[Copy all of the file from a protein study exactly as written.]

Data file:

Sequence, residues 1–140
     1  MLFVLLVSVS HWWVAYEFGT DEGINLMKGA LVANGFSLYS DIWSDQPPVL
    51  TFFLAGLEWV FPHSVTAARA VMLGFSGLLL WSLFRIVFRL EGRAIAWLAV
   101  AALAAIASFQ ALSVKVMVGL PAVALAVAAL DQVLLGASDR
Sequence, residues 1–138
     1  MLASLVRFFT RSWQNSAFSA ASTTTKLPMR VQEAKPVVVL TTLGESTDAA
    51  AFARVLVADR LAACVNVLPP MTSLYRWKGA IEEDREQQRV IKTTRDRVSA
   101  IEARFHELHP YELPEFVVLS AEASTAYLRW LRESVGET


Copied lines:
Sequence, residues 1–140
     1  MLFVLLVSVS HWWVAYEFGT DEGINLMKGA LVANGFSLYS DIWSDQPPVL
    51  TFFLAGLEWV FPHSVTAARA VMLGFSGLLL WSLFRIVFRL EGRAIAWLAV
   101  AALAAIASFQ ALSVKVMVGL PAVALAVAAL DQVLLGASDR
Sequence, residues 1–138
     1  MLASLVRFFT RSWQNSAFSA ASTTTKLPMR VQEAKPVVVL TTLGESTDAA
    51  AFARVLVADR LAACVNVLPP MTSLYRWKGA IEEDREQQRV IKTTRDRVSA
   101  IEARFHELHP YELPEFVVLS AEASTAYLRW LRESVGET